JRR Tolkien’s Grandson Spills The Beans on Grandpa Tolkien
The Los Angeles Times caught up with Simon Tolkien, the grandson of The Hobbit writer JRR Tolkien, and give some firsthand insights of how some of Tolkien’s stories came about. Simon is also a writer and has recently completed his new thriller, The Inheritance, which is a murder mystery that takes place in Oxford. Here is what the grandson said about his grandfather:
So what were your earliest memories of your grandfather?
I think I remember most after he went to Bournemouth. Bournemouth is like a tiny English version of Florida. There are hotels and the beach and a lot of old people. I think he hated it. But I think he felt it was due to my grandmother, that she’d put up with Oxford, and Oxford was, particularly in those days a very misogynistic place.
The Inklings were C.S. Lewis, J.R.R. Tolkien [and others], and they’d all sit around in the pub and they’d read each other their writings, and I don’t think there was a woman in sight unless she brought them their beer. I think that was hard for her. And I think she really enjoyed Bournemouth.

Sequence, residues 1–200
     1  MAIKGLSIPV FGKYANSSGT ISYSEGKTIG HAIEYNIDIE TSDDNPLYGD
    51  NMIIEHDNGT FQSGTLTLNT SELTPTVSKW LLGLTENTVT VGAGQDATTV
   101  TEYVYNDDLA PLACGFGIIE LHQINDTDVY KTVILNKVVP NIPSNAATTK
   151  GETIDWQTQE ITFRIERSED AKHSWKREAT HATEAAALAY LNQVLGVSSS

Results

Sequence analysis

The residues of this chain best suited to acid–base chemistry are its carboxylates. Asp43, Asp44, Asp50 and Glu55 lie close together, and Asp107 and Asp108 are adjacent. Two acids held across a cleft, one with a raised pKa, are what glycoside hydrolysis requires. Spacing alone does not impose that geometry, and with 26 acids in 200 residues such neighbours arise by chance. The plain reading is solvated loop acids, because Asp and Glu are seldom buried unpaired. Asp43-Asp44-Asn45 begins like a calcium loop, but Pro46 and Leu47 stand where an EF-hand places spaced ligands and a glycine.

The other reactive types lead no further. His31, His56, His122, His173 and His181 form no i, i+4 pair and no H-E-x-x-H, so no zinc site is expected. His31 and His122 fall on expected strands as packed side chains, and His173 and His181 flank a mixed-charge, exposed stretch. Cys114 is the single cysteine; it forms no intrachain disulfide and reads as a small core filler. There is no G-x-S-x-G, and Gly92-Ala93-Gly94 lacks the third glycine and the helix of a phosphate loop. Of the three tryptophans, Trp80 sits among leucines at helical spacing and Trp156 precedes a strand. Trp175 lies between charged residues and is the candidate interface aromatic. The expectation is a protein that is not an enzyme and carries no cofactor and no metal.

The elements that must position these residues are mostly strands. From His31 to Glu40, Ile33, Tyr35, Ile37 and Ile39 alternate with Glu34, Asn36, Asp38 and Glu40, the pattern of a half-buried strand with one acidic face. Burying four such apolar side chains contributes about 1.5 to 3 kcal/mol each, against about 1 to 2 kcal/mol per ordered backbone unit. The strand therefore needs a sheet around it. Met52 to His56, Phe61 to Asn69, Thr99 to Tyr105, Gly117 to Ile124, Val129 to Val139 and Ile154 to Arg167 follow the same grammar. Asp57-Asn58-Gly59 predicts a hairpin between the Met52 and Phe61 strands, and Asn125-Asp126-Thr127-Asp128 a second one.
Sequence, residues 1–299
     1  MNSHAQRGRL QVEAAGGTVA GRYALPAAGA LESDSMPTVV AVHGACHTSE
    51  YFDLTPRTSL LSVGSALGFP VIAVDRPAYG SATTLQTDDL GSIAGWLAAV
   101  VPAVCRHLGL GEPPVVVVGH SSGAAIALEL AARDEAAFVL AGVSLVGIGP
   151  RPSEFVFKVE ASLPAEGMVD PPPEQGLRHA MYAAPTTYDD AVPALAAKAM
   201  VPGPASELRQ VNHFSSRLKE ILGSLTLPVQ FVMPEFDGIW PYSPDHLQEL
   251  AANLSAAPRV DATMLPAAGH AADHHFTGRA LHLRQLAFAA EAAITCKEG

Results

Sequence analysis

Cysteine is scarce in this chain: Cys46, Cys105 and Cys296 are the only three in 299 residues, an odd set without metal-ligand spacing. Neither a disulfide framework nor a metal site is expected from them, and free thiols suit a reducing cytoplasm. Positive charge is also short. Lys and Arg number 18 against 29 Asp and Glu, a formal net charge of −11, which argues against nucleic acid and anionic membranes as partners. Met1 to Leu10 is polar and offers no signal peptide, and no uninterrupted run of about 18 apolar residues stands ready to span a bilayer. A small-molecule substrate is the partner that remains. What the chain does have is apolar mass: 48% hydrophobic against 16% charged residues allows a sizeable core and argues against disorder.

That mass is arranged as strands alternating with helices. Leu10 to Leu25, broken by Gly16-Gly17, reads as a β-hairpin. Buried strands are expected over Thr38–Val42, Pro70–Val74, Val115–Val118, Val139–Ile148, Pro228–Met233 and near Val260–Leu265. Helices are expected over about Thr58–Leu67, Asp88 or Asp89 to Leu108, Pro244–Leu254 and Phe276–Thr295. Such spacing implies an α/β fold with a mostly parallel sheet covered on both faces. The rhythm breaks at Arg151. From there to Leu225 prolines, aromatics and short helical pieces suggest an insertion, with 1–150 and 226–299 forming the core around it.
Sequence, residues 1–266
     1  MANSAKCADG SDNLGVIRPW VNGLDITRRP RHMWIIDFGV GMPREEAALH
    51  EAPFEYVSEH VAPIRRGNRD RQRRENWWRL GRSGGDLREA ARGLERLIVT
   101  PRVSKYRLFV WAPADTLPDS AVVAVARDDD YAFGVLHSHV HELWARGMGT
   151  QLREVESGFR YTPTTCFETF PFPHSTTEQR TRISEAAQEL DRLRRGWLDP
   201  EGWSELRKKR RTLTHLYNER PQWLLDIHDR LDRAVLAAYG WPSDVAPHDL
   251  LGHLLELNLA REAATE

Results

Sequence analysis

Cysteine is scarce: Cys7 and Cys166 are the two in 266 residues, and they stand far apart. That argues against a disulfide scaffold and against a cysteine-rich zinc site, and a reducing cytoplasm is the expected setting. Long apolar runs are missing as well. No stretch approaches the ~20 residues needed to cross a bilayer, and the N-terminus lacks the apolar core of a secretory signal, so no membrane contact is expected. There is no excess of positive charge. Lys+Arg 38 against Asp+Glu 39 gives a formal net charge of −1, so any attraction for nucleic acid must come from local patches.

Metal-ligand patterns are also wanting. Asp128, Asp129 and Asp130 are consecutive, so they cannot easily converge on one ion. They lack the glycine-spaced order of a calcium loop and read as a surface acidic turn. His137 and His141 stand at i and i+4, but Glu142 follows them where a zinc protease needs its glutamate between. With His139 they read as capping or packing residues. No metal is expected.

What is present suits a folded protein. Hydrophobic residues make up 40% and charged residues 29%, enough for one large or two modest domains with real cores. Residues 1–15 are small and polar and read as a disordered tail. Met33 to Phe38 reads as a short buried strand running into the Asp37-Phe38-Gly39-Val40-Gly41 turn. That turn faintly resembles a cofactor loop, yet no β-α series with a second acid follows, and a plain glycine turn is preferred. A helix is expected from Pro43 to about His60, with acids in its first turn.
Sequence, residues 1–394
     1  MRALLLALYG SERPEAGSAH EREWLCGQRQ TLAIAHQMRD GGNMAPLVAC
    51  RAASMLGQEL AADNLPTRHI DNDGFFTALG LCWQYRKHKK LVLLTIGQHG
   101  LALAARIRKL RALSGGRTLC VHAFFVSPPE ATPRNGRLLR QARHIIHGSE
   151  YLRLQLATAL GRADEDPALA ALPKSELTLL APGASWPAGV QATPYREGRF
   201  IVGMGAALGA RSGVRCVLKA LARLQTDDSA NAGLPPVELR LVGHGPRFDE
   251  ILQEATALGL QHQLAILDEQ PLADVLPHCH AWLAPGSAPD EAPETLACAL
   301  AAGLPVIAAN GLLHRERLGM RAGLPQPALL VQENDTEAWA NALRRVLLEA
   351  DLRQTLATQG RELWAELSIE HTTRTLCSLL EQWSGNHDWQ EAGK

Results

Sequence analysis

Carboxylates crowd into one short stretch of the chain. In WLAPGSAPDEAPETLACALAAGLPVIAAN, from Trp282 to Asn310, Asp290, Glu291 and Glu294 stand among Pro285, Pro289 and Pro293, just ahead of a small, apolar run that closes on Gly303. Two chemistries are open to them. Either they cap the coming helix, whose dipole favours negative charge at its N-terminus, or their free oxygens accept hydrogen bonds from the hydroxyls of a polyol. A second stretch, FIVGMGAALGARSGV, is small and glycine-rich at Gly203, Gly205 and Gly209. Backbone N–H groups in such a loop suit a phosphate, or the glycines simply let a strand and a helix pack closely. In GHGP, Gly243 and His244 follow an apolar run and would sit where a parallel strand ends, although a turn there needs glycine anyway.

We played lots of word games with my grandfather. His favorite one was Constantinople. You remember things, and they’re not necessarily the most interesting things. When people ask me about my grandfather, they want me to remember him telling me who Sauron really was. I haven’t got the gospel up my sleeve, but I have these idiotic memories.
Who was he writing for? Children or adults?
Adults. I think he thought his books were suitable for adults, although I think he thought kids could get a lot out of it. “The Hobbit” is more of a kid’s book. The funny part was that was what he’d actually been doing since 1916, the first writing was in the trenches in the first World War. He’d been writing “The Silmarillion.” When “The Hobbit” was a success, he went to the publishers and they said, “What else have you got?” So he produced part of “The Silmarillion,” high and mighty tales from the First Age [which led to the "Rings" trilogy]. And they took a look at it, and they said, “No. We want ‘Hobbit.’ ” And out of that was born “The Lord of the Rings.”
Your father Christopher edited “The Silmarillion.” So he was keeper of the literary flame, because that was published posthumously, right?